Free Access
Volume 633, January 2020
Article Number A96
Number of page(s) 6
Section Numerical methods and codes
Published online 16 January 2020

© ESO 2020

1. Introduction

In certain cases, solving a physical problem by interpreting a light curve requires taking into account such non-physical uncertainties as calculation errors. In practice, if the result is precise to within 17–18 decimal places, there is no need to take calculation errors into account. However, many algorithms that are currently employed, such as JKTEBOP (Southworth et al. 2004), are based on the popular EBOP algorithm, developed in the early 1980s Nelson & Davis (1972) and Popper & Etzel (1981). For more, see the relatively recent papers of Southworth et al. (2007), Southworth (2008), and Hellard et al. (2019). The algorithm provides the value of light curve with a precision of no better than six decimal places, with the integrals of the formulae for the stellar-disk brightness computed by direct summation over the integration-domain bins (concentric rings). In so doing, the computation error for the integrated values is inversely proportional to the number of elementary operations and, hence, the computation time and the accuracy of the result are substantially limited by the time that can be allocated for the calculations. Such precision was appropriate for computers and observational errors at the time when EBOP was developed. At the machine level, those computers operated with a single precision, where a higher precision for the result could be provided only by modeling numbers of a higher precision, which would significantly slow down the calculation process. Today’s computers operate with 64-bit and 80-bit floating numbers (15 and 19 decimal places) at the machine level. However, despite the fact that the current implementation of JKTEBOP operates with double precision numbers, the precision of the result is still limited by the precision of the method of numerical integration used in the algorithm. A similar situation arises with the algorithm used in Hellard et al. (2019). In this algorithm, the problem is generalized to the non-spherical shape of stars, but integration is carried out using the Monte-Carlo method, which offers very low precision.

The errors of modern observations are of about one percent of the eclipse depth, which, in turn, is about one percent of the out-of-eclipse intensity. Thus, the standard deviation of the observed light intensity is about 10−4 of the out-of-eclipse intensity. On the one hand, such uncertainties are still significantly greater than the round-off error due to the fact that the calculations are made up to the fifth or sixth decimal place so the resulting error in O–C is 1–10% of the standard deviation of the observed light curve. That is why EBOP is still sufficient for many light-curve interpretation tasks. In particular, the five- to six-digit precision leaves the fitted parameters of the star-planet system within their uncertainties obtained with Monte-Carlo method with the combined effect of the digital and observational noise. For this reason, and also because JKTEBOP takes into account the effects of reflection and gravity darkening, this algorithm is largely useful for addressing many contemporary problems. However, in general, computational errors can be significant for statistical analysis of observational data even if they are one-to-two orders of magnitude smaller than the observational errors. First, the value of the χ2-statistic is sensitive to such errors. This sensitivity increases with the number of observations N, as is clear from the well-known χ2 cumulative distribution function:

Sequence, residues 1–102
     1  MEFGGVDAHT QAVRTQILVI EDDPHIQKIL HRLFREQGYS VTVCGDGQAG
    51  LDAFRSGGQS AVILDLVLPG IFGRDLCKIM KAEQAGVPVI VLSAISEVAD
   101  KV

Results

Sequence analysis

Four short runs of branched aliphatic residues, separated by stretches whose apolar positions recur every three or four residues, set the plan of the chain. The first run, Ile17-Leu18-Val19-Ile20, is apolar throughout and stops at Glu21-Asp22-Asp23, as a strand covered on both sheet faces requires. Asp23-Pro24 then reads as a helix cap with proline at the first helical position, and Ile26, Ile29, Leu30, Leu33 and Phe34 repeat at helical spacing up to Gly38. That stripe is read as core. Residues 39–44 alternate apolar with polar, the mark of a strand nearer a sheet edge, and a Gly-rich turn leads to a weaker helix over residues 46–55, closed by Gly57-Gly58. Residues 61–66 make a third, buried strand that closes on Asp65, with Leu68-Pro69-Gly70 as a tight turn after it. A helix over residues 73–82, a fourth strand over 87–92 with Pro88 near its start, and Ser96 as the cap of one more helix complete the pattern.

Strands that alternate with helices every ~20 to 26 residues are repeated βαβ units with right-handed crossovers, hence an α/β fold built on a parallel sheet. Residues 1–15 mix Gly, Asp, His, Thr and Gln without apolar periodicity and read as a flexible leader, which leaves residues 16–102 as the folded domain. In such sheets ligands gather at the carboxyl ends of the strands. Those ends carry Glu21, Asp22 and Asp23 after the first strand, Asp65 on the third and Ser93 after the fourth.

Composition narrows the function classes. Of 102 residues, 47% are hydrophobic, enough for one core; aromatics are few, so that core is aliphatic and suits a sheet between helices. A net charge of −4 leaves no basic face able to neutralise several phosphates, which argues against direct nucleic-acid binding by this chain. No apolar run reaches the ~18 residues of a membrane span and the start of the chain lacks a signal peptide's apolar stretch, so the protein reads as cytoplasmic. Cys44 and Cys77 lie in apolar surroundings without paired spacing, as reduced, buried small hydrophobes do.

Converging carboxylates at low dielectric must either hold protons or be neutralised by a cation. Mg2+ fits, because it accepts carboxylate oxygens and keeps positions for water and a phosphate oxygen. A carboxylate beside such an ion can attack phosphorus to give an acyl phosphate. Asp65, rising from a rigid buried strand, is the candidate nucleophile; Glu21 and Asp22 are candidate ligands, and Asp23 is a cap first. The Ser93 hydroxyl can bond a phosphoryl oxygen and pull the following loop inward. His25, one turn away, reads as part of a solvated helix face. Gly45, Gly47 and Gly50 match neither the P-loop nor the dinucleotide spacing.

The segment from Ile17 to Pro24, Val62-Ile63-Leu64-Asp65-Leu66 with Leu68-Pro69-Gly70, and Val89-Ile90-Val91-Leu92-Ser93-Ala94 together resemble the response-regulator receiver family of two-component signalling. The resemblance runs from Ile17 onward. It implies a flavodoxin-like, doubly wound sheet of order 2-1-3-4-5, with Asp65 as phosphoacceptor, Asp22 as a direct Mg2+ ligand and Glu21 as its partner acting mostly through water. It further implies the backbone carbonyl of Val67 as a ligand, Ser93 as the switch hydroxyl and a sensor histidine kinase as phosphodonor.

For the P-parametric model, if the quantile of the statistic is qred, the corresponding significance level is . For example, in the case of a five-parameter model, for 1000 observation points, the quantiles equal to 1.00, 1.03 and 1.10 correspond to the significance levels of ∼54%, ∼29%, and ∼2%, respectively. If the number of observation points is 3000, the quantile values 1.00, 1.03 and 1.10 correspond to the significance levels of ∼52%, ∼14%, and ∼0.01%, respectively.

Currently, we have developed an algorithm for calculating the light curve of a transiting star-planet, and its derivatives. It is based on a previously developed algorithm for calculating the intensity decrease due to eclipse and published in Abubekerov & Gostev (2013). The model we use in this algorithm is simplified in comparison with JKTEBOP by neglecting the reflection and gravity darkening effects. Integration is performed using Gaussian quadrature or by expressing the integrals in terms of elliptical integrals. Unlike integration over concentric rings, this approach allows us to obtain a result with a close-to-extended precision, that is, 19 place values. Although the precision of the ultimate result of the light curve calculation is a bit lower (about 18 place values), it is sufficient to exclude any noticeable influence of the non-physical contribution to the residual. We note that there are other algorithms for calculation of the light intensity, for example, Mandel & Agol (2002), Gimenez (2006), and Koch et al. (2010). The advantage of our algorithm over that of Abubekerov & Gostev (2013) is that it works not only for linear and quadratic, but also for square-root, cubic, and logarithmic limb-darkening laws. Furthermore, our algorithm allows the derivatives of the light curve to be calculated with a high precision. The derivative values are useful for implementing fitting methods. Moreover, we then implement analytical fitting under the assumption of linear dependence on limb darkening coefficients. This paper outlines the key points of the algorithm and provides a reference to its current C demo implementation, including an example of fitting. We also test the algorithm by applying it to a well-known observational data set – the transit light curve of the HD 209458 binary from Brown et al. (2001). We analyze how the introduction of the additional limb-darkening law decreases the residual and we compare our results with similar results obtained by Southworth et al. (2007) using JKTEBOP.